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#THEATRE stories

Odes to the stage and the Esplanade Theatre

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Published: 21 Jan 2021


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Postcards from the stage

After being closed to audiences for almost nine months, no thanks to the COVID-19 pandemic which ground all live performances to a halt, the Esplanade Theatre finally stirred back to life. #THEATRE, the production created by design collective INDEX for the cavernous Theatre space from 14–17 Jan 2021, was an immersive yet open-ended experience that seemed to put the focus squarely on the audience’s response. Just as it could not have been created in any other space, it was also impossible to divorce the piece from the time in which it had been created.

We invited 250-word reflections from seven people who experienced the work and have different connections with the theatre—as performers, playwrights, technical theatre professionals, arts critics and audience members. These #THEATRE stories were first published on Esplanade’s Instagram account. They are a snapshot of an unusual encounter with a storied space, and a rumination on these strange times.

All images are of the production #THEATRE by INDEX. Photo credit: Crispian Chan.

Ong Sor Fern

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There is an industrial brutality to the Esplanade Theatre’s stage that I had never appreciated before. The harsh beauty of this construction of steel, concrete and machinery was the star of #THEATRE by INDEX, a wonderfully immersive experience by lighting veteran Lim Woan Wen, sound artist Darren Ng and spatial designer Lim Wei Ling.

Seated on the stage of the Esplanade, then lying down to appreciate the intricate architecture of the multiple flybars, I thought about the myriad productions I had seen on this stage, and of the many theatres I have sat in over the years, cocooned comfortably in my seat, while the hard labour of embodying imaginations was carried out behind the curtain.

The steel staircases that opened the show brought to mind the sets of Rent, Kurt Weill’s Street Scene and the movie Fame. They are the classic signifier of New York’s cityscape. The evocative lighting turned a functional feature into a mnemonic trigger, simply by virtue of framing, courtesy of someone else’s eye.

#THEATRE distilled the essence of the medium by highlighting how the bare bones of this box could be brought to life simply by looking, and looking through someone else’s eyes. The true glory of theatre is how such gossamer threads of human imagination are incarnated in this space.

Ong Sor Fern is The Straits Times’ Senior Culture Correspondent.

Joanna Dong

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When I was invited to preview #THEATRE, I had a good sense of what I would be in for. Familiar with Woan Wen and Darren’s work, I was a fan of their aesthetic sensibilities: minimalist yet emotive. Indeed, even though I was aware that there would be no actors, no plot nor even any text, I knew that just being in the familiar theatre space would evoke all the memories I’ve had performing on it, juxtapose that with the weight of the collective struggles the industry has endured over the past year, I expected to feel a little emo.

There is a term I have been hearing more of in recent years—“holding space”. I understand it as a way to support someone by being present physically, mentally, and emotionally, whilst withholding judgement and expectations. It was with that in mind that I attended the show—I wanted to express my support and solidarity for local theatre by just being present.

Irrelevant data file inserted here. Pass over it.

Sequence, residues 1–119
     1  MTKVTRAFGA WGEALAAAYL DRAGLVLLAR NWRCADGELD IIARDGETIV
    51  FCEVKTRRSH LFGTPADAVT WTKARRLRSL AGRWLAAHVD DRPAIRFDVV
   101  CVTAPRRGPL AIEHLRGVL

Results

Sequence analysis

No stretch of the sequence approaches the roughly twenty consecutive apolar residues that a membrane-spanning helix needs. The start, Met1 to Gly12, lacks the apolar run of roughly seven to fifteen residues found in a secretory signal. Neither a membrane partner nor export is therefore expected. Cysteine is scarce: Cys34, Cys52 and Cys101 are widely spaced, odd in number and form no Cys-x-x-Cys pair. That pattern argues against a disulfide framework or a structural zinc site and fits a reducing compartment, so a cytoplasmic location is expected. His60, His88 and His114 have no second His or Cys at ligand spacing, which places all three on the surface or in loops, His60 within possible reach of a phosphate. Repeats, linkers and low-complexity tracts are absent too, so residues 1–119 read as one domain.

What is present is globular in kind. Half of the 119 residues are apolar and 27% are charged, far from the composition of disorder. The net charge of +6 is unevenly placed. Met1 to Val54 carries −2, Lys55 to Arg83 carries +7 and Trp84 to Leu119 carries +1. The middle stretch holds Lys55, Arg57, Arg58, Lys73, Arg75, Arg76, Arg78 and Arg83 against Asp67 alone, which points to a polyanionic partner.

In the first 5 minutes of the show, I thought to myself, how nice to be back on stage, the simple and subtle design tastefully presents the theatre mostly as it is. However, 20 minutes into the show, I was lying there on the stage floor with legs akimbo and tears streaming into my mask, taking turns between processing bundles of complex emotions, reassessing my creative priorities, and simply enjoying being bathed in stage lights again. It was then that I realised that in carefully balancing rarefaction with restraint, the designers were in fact, holding space for me.

I don’t think #THEATRE said anything new, in fact I believe the point of the endeavour was to say nothing at all. Like friends sitting in silence through grief, I felt safe and comforted. That, is true theatre magic.

Joanna Dong is a jazz vocalist and actress.

Nabilah Said

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How do you take in the measure of a space? I am seated on the stage of Esplanade Theatre, part of the audience for #THEATRE by design-led collective INDEX. It is large, with access to three extended wings used to store large equipment. Slowly, other parts of the space are given attention, lit with aching tenderness. On the fourth side are the velvet curtains, drawn.

This is theatre as a body. I am buried deep inside—encountering its joints, its bowels, its organs and innards with a frisson of forbidden wonderment.

We sit and squirm on cute circular cushions. Each sound adds something to the anthropophony, which reminds me that we are all connected. Tethered. Our designated spots are fixed a metre away from the next person, which limits our choreography, but it sets the tone for the pièce de résistance. When the flybars come down, as if from the heavens, they cascade with the combined quality of a cat falling through treacle and a particularly ethereal alien visit.

This is theatre as a lover you haven’t seen in a while. You are revisiting their crinkles, warming up to old rhythms and settling into a shared comfort.

When the curtain is inevitably opened, it’s the Chekhov’s gun you didn’t quite want firing. You feel like the encounter has slipped past you too quickly. And now you’re seeing your beloved through the wrong end of a telescope, retreating. All you remember is the illuminated exit sign, and then darkness.